I wonder what the entire furore is over the rejection of Sule Gambari, Nigeria’s long time permanent representative to the UN as chairman of the Niger delta steering committee. Shortly after his arrival local television news channels were crammed with pictures of an athletic Gambari racing through a flight of staircase at Aso rock to meet with Nigeria’s president umaru Yar’adua. But a week after his arrival Ambassador Gambari realized this wasn’t the perfect homecoming he was expecting. What the menacing Burmese junta and monks failed to see in him the Governors and elders of the Niger delta region saw in toto; Gambari had failed the simple test of being his own man. His failure to condemn late Gen. Sani Abacha’s administration over its shoddy handling of the trial of the ogoni nine and consequently their killings has now become his Achilles heel. A number of people have argued that speaking out then would have been equivalent to performing hara-kiri. But Gambari being a tested diplomat should have known how to waddle through the twists and turns of the walkways of international diplomacy. He should have borrowed a leaf from Emeka Anyaoku who was at the same period secretary general of the commonwealth who spiced his words with wisdom saying the situation in Nigeria called for serious concern and thereafter staunchly supported the suspension of Nigeria from the colonial body. When you look back in retrospect we can say he tried. But Gambari had called saro-wiwa and his comrades’ worthless criminals deserving of the punishment they received. Those scathing and vitriolic comments now haunt him twelve years after. A friend of mine had said President Yar’adua had thought he was doing ambassador Gambari a favour by inviting him over. Well I’m almost certain someone would not be receiving a Christmas message this year. His almost untarnished record was put on the scales and he failed to measure up. I’ll place the blame on the presidency who committed the most fundamental faux pas; trying to plan for the people rather than with the people. It’s good that this happened because the region’s inhabitants might be sending a message that this would not be business as usual, possibly they’ve become wary of the growing number of talk-shops concerning its rehabilitation. This summit whenever it convenes would have a central issue to tackle; trust. It is almost unfathomable that a chairman of the committee could be appointed without consulting with the leaders of the region. A number of commentators have tried to play down this whole issue saying the appointment and rejection of a chairman is infinitesimal and diversionary. I agree it is diversionary but then maybe the whole summit is diversionary because how does the Nigerian government explain its soliciting for military aid from Britain on the one hand while on the other hand it negotiates for peace with the warring militants. Already thousands of people have fled the region’s hot spots as renewed violence commenced last week. I sit on a reclining chair flipping through several Nigeria local news channels hoping in vain to see Ambassador Gambari’s exit and I hope to God he is racing on the tarmac of Murtala Mohammed international airport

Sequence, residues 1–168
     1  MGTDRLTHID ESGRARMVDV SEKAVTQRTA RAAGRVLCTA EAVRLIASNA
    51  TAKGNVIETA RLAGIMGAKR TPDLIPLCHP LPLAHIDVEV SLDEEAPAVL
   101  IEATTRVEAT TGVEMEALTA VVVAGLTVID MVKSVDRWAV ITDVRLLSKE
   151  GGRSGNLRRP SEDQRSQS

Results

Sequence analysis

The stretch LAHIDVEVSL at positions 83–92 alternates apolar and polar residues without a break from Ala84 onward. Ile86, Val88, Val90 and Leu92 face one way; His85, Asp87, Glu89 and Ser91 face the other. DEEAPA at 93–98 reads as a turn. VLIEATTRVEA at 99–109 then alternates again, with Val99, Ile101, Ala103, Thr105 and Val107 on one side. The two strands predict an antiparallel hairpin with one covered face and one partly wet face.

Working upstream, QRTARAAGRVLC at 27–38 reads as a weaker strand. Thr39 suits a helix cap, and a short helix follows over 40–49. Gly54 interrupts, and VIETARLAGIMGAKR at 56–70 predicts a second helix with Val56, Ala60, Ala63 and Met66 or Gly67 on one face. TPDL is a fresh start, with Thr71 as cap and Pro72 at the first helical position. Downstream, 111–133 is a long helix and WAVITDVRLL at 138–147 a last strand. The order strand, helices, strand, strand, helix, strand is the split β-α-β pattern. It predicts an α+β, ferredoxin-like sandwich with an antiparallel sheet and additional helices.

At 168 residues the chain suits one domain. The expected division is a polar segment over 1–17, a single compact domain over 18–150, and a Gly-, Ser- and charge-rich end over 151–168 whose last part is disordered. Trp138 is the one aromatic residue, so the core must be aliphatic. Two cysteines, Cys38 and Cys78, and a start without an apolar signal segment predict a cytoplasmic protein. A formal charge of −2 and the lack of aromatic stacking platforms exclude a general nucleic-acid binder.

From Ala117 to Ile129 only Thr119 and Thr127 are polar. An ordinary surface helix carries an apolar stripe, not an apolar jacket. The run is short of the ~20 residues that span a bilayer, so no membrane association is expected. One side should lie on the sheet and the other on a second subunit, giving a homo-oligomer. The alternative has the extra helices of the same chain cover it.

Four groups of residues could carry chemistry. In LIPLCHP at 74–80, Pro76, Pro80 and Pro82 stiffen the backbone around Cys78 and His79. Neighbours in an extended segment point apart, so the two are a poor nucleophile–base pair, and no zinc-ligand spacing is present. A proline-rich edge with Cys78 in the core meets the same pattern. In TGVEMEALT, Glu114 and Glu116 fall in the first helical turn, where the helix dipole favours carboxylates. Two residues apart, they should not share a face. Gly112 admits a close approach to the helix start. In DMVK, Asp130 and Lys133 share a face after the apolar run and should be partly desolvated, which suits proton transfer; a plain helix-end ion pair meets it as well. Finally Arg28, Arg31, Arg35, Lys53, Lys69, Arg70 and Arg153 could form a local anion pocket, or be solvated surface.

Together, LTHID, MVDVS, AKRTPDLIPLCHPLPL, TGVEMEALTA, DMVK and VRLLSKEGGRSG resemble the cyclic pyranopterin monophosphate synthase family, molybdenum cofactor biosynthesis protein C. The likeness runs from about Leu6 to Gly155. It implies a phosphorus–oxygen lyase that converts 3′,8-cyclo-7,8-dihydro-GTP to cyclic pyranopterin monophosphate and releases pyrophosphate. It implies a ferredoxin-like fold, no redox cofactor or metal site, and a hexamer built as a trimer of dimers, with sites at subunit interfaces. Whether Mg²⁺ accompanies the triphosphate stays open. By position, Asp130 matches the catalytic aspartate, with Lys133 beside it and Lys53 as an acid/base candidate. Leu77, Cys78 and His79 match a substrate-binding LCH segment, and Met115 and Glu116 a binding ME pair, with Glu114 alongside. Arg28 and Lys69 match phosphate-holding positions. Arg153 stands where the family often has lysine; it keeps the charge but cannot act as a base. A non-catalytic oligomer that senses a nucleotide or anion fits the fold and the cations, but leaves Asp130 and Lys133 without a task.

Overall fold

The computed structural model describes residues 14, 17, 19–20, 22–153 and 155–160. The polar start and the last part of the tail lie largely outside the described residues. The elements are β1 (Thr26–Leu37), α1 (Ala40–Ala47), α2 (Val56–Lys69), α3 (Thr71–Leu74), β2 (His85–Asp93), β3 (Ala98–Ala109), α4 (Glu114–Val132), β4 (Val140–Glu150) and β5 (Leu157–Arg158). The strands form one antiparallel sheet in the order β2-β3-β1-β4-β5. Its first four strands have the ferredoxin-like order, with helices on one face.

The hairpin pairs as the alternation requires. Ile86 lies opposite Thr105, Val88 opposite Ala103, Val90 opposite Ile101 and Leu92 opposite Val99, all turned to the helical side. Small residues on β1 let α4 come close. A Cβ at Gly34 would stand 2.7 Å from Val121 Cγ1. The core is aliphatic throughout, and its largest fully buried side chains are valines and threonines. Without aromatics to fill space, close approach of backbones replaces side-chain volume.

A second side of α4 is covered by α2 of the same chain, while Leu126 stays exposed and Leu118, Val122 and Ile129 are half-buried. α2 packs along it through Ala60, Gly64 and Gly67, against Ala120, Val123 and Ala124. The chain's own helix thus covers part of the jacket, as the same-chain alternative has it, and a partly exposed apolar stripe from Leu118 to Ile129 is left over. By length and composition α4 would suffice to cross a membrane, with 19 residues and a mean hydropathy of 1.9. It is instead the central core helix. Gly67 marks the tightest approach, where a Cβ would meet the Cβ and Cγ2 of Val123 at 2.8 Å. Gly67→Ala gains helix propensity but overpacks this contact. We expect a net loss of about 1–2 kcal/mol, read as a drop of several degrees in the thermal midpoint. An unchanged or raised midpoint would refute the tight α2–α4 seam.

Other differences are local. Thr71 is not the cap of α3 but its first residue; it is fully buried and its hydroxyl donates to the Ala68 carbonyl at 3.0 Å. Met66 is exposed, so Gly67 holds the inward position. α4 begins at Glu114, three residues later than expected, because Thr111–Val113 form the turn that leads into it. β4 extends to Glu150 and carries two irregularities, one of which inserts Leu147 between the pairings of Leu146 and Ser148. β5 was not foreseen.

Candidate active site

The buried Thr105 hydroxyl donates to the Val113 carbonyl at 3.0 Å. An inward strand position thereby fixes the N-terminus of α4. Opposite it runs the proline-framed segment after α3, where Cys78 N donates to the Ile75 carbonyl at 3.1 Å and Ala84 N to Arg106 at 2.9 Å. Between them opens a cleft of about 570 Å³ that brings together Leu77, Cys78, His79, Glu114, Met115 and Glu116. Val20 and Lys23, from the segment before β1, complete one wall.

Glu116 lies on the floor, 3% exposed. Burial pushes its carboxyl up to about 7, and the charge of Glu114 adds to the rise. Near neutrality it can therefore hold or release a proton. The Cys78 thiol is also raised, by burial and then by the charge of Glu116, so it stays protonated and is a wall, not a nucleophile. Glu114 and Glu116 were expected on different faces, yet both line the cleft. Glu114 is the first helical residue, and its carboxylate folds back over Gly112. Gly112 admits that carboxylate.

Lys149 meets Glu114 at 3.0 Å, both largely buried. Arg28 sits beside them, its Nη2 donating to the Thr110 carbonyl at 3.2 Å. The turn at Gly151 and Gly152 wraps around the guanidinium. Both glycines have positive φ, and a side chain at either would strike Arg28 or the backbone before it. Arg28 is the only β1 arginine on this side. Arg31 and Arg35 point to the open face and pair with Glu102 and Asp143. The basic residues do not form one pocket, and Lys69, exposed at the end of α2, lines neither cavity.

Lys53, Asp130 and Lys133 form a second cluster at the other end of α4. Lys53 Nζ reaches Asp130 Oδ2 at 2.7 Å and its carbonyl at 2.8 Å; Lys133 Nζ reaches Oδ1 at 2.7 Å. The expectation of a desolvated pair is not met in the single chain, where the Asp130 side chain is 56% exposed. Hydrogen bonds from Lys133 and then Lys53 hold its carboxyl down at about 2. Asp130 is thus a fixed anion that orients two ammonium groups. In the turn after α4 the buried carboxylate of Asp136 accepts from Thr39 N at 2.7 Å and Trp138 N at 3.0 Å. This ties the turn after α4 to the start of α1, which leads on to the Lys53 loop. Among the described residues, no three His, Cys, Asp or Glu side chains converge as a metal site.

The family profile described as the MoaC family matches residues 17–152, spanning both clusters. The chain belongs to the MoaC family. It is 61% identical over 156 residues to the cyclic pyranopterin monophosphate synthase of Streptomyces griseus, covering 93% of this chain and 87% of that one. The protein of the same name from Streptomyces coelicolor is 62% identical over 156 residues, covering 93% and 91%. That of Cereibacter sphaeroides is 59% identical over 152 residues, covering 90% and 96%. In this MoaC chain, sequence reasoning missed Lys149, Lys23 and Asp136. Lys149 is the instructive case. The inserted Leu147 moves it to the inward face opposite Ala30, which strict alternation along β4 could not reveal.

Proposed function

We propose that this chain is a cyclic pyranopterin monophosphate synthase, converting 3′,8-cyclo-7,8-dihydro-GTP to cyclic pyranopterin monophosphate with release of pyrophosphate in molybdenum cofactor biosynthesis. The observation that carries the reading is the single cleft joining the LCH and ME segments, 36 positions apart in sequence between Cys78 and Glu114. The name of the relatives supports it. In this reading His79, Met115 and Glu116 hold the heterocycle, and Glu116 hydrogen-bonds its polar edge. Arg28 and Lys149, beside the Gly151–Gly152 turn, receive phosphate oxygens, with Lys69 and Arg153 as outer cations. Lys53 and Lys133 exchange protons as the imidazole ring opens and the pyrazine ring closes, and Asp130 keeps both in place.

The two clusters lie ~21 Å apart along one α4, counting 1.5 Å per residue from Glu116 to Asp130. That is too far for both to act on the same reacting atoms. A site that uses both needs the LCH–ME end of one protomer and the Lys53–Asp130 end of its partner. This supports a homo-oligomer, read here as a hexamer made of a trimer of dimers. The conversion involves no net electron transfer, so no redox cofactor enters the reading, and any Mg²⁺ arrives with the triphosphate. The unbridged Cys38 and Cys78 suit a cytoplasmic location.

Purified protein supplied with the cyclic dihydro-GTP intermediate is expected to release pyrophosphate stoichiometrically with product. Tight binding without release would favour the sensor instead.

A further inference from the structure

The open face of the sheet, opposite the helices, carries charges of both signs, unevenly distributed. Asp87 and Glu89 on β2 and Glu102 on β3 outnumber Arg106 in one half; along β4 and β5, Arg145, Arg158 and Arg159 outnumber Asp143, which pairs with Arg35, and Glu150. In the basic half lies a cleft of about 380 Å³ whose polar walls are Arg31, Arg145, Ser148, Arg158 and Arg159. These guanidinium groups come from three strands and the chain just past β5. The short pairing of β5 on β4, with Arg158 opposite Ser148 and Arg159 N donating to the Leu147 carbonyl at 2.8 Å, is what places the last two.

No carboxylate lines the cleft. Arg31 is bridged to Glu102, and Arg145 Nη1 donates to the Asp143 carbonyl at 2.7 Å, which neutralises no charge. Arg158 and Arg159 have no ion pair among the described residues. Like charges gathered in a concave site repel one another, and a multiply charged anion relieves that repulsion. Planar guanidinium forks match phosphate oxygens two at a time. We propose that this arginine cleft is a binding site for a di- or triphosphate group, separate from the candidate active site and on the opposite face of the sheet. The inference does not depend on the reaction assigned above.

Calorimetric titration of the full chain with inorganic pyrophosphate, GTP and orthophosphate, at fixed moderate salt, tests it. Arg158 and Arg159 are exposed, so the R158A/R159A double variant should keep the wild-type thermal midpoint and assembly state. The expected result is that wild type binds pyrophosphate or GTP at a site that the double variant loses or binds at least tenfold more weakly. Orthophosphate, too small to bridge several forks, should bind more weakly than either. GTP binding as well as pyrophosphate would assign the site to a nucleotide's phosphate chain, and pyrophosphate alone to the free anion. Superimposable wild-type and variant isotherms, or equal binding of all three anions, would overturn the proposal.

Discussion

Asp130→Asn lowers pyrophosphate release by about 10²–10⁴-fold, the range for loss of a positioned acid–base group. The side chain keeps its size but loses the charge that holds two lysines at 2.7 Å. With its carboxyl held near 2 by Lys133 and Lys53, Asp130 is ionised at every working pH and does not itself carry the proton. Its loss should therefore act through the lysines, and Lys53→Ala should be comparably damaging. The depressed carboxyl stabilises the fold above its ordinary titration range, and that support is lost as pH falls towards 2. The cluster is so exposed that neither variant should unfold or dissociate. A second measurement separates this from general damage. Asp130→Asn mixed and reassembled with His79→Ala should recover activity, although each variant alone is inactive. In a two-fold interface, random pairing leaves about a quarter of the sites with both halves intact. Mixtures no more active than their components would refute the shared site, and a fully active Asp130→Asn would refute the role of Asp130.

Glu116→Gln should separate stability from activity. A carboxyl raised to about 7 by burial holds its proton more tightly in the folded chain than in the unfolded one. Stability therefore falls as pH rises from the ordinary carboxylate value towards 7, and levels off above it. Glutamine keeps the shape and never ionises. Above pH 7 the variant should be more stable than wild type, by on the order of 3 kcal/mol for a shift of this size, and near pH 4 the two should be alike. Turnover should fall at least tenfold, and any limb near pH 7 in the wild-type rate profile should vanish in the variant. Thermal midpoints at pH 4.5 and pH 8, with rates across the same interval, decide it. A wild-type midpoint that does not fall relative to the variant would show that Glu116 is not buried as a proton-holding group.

The streets of Lagos are surprisingly quiet, although the next question you’d be asking me is what time is it. ‘8 ‘0’ clock is the time for school’ so the popular primary school marching song goes, but it is indeed an ominous sign today because no school bells have gone off at the noisy oshodi primary school and it’s way past nine ‘0 clock. The students aren’t at the bus-stop, for once I miss the children-crowded bus-stops and side-walks as -they made haste to beat the 8 ‘o clock deadline. Bereft of the usual noisy chatter, not a few people wondered if something was amiss. Yes, spot on, there aren’t any school songs and empty seats have replaced crowded classrooms not because the pupils are late rather it’s the Government who’s playing catch-up according to the leadership of the national union of teachers. Its nearly two weeks since the teachers strike commenced and it’s almost apparent that every level of government is prepared to do only one thing; show-boating. Take for example the comments of the minister of education Dr igwe aja-nwachukwu saying that the teachers represented only 9% of the entire public school system, therefore they were not qualified to have the ears of the president. When asked where that left the teachers, he frowned saying ‘go to your state governments’. Most sincerely sir, the thirty 36 states of this federal republic will just be overjoyed at the prospect of leaving the teachers in the lurch-most of the states are still grappling with elementary chores such as road maintenance and clearing illegal waste dump-sites. Two years ago the former minister of education and vice president of the World Bank, Dr oby-ezekwesili postulated a similar argument when defending the need for the sale of over 102 unity schools, it was a bitter war that never saw the light of day. President umar Yar’adua ordered that the ministry revert to status quo ante, the ministry licked its wounds while the teachers celebrated. But the stone faced Dr. Nwachukwu wasn’t through with the body of teachers; he threatened to roll out the tanks if it proceeded with its plan to picket private schools. Nonetheless the belligerent leadership of the NUT says it was pushed to no man’s land when the government failed to take advantage of an earlier three day warning strike to ward off a full blown strike. Two weeks into the dispute, its stock-taking time; the rank and file of child street hawkers has been swelled since their recalcitrant guardians have found a leeway to make some extra bucks. Finding an idle hand and mind for mischief is what the devil is famed for, the grave danger however may not be the street hawkers, but rather the millions of children locked up in homes doing absolutely nothing. While the leadership of the NUT has assured its teeming followers that they wouldn’t be the first to wink, this would be an opportune moment to consider the following;
Is anyone thinking of meeting the education millennium development goal in seven years or at least vision 2020?
If this grand-standing continues where does this leave our children, and can someone please tell me what moral right a government has in abdicating its responsibility of providing standard education facilities and resources. Finally let everyone who has an ear remember that song ‘eight ‘o clock is the time for school, never be late in the morning’